It’s now been a good couple of years since the FCC’s landmark ruling that codified net neutrality as we know it. The sky hasn’t fallen as net neutrality adversaries vehemently threatened. Competition, innovation, and investment by ISPs remains healthy, despite what opponents may claim. More importantly, the Internet remains a fair playing field as far as how data traffic is handled, with traffic from all sources treated equally.

That’s great! Everything’s just great. Except it’s not. At this year’s Mobile World Congress, newly appointed FCC chairman Ajit Pai recently labeled net neutrality a “mistake,” signaling that the commission under his lead intends to reduce or eliminate the equal treatment of Internet traffic. Seriously.

The FCC’s 2015 order had defended net neutrality by reclassifying ISPs as common carriers under Title II of the Telecommunications Act.  Doing so gave the FCC the authority to impose regulations on U.S.-based Internet providers that effectively imposed net neutrality practices. Today, ISPs cannot slow down Internet service for any reason other than “reasonable network management.” This, in turn, means any schemes to treat online traffic unequally are strictly forbidden. The concept of “fast lanes” for specific types of data – where customers or businesses pay extra to have data from certain sites delivered faster and more reliably – cannot legally exist.

While this order provides the basic framework for a net neutrality that more or less gives every digital business a fair environment in which to pursue success, it still has ample room for improvement. The worst loophole to sneak through the 2015 legislation is the practice of “zero rating,” where ISPs and wireless service providers will exempt their own services from counting against the caps on their customers’ data usage.

For example, if a wireless provider wants to steer customers toward using its own video streaming service instead of Netflix, it would allow customers to watch its service and stream limitless data, while making sure that use of the rival service is subject to monthly caps and costly overage charges. This is anti-consumer, anti-competitive, and honestly kind of a dick move by ISPs. With the line between service providers and content services continuing to blur across many fronts, zero rating activities are becoming more and more prevalent in the United States, along with their negative impact on competition and, ultimately, customers.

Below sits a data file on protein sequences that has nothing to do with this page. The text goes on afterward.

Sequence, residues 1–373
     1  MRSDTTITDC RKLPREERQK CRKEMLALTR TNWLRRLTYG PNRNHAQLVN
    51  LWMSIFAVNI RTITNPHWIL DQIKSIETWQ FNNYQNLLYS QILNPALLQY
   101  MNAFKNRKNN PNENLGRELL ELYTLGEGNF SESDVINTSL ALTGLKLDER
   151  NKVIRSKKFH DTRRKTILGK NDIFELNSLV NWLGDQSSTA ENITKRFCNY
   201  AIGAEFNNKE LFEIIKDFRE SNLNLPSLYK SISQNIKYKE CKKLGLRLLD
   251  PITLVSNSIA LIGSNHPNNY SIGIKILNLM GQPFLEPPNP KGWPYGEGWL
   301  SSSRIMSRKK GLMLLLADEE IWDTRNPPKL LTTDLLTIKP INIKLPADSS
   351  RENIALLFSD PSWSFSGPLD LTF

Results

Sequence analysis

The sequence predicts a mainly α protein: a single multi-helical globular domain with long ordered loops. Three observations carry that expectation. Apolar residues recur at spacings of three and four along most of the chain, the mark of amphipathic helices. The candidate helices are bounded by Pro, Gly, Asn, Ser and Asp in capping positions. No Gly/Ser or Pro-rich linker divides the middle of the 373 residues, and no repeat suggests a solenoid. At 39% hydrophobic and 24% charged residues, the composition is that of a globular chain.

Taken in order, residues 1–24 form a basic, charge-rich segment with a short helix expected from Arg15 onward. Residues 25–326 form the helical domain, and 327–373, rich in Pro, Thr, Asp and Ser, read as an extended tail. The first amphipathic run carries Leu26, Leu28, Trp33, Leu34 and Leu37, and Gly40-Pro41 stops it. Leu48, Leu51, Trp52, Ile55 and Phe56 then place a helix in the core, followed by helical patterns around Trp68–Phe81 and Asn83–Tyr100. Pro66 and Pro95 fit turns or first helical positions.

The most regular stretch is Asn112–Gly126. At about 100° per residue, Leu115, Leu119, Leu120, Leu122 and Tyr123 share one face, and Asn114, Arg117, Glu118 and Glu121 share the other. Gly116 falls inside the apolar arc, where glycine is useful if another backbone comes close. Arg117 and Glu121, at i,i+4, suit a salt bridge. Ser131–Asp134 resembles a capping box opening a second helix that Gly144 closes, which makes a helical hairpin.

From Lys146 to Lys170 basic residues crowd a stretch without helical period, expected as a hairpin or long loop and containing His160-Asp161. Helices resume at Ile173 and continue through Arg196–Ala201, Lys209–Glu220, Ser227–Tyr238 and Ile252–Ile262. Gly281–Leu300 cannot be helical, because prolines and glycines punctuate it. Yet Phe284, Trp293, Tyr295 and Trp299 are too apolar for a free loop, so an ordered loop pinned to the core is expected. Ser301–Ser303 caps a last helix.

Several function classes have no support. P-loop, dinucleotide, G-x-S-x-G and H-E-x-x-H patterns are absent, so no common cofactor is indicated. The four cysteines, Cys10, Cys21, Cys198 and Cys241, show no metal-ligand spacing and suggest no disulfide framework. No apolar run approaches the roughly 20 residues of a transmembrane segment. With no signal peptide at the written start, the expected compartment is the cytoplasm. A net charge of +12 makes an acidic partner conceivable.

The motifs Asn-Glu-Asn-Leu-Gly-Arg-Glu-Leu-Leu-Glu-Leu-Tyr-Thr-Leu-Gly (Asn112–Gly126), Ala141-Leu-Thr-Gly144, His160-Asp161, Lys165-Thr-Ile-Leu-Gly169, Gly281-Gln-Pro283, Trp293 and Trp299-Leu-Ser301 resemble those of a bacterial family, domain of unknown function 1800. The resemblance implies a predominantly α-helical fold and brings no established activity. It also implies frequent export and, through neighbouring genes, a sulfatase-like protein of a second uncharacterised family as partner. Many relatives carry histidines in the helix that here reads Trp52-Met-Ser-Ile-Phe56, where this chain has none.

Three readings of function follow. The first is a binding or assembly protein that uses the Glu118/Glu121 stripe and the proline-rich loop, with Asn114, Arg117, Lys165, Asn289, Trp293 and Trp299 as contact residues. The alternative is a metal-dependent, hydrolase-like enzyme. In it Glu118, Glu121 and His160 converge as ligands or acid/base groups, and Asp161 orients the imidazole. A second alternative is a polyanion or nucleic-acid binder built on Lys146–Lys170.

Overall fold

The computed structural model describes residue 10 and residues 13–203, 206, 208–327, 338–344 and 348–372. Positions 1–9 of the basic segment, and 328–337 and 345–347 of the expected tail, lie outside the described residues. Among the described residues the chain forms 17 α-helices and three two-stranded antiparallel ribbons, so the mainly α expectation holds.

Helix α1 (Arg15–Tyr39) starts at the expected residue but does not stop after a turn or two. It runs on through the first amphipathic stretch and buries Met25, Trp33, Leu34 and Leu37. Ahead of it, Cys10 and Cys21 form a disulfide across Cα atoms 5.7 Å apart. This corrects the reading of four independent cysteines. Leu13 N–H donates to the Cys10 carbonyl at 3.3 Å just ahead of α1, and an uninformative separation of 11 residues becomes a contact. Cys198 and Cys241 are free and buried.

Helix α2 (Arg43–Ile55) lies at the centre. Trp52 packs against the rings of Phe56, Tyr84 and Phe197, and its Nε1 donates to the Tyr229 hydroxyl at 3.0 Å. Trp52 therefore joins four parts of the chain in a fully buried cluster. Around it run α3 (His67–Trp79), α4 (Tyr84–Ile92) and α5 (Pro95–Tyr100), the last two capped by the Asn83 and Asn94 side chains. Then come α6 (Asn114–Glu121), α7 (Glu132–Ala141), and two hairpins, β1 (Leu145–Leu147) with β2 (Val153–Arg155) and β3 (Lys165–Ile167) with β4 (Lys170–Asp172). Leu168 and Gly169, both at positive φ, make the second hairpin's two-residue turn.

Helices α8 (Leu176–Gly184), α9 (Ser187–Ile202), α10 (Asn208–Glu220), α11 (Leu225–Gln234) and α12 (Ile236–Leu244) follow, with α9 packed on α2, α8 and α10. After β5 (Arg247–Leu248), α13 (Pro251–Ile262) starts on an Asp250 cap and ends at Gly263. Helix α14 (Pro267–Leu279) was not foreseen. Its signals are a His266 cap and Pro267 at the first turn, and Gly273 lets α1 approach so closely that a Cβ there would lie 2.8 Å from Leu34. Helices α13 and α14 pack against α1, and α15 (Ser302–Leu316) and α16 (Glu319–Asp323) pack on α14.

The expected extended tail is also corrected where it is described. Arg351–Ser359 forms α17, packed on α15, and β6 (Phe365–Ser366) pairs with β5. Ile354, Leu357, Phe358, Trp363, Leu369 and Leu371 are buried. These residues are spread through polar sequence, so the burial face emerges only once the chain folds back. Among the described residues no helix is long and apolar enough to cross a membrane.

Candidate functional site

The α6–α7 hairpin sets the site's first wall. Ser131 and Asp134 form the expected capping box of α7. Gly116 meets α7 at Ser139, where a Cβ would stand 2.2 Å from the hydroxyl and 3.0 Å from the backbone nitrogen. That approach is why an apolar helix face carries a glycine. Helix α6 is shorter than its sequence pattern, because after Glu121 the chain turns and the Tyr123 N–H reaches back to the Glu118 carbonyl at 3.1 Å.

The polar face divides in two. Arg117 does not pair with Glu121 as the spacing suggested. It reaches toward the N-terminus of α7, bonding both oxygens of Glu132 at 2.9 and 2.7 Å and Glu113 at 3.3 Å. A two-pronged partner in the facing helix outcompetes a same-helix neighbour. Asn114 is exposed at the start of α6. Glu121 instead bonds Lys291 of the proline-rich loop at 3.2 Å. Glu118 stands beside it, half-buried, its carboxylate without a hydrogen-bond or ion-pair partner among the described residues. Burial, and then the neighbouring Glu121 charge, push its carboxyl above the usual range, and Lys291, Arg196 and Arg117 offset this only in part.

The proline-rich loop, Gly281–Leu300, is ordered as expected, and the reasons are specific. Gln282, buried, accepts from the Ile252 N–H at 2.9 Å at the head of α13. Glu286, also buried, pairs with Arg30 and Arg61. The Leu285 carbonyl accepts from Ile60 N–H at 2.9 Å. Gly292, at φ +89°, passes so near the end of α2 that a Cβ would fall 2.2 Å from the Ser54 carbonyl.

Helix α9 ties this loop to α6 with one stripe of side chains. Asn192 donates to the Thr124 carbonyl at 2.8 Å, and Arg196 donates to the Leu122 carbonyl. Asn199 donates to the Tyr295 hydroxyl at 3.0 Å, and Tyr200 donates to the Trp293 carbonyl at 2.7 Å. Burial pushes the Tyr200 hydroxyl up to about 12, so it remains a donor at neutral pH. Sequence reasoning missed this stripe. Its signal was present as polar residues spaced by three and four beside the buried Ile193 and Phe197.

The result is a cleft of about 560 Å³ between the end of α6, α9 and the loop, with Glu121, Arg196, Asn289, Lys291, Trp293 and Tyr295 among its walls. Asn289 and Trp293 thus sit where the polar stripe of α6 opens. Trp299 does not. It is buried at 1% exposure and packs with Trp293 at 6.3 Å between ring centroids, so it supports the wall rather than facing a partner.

As I wrote last year, I absolutely oppose the practice of zero rating as an unfair and harmful tactic, and one that demonstrates regulators need to be vigilant in order to keep the spirit of net neutrality intact. Last year, my company, DreamHost, joined an array of prominent industry voices in a letter to the FCC requesting open public hearings on the legality of zero rating practices.

Unfortunately, under its new leadership, the FCC has just ceased all investigations into zero rating practices, sending letters to companies who were previously under investigation and informing them that those examinations have been terminated. The press release that accompanied this decision, along with other statements by FCC chairman Ajit Pai, make it clear that the FCC’s commitment to any tenet of net neutrality that ensures equal treatment of data is questionable at best.

As the coming battle over net neutrality plays out in the FCC, Congress, and the court of public opinion, the truth remains that practices like zero rating and fast lanes must be opposed for the good of consumers and businesses alike, and that we badly need the protections the FCC imposed in its 2015 order. Net neutrality is a cornerstone of the fair and open Internet as we know it and must remain in effect.

Brett Dunst is VP of Corporate Communications at DreamHost, a global web hosting, domain registrar and cloud services provider.

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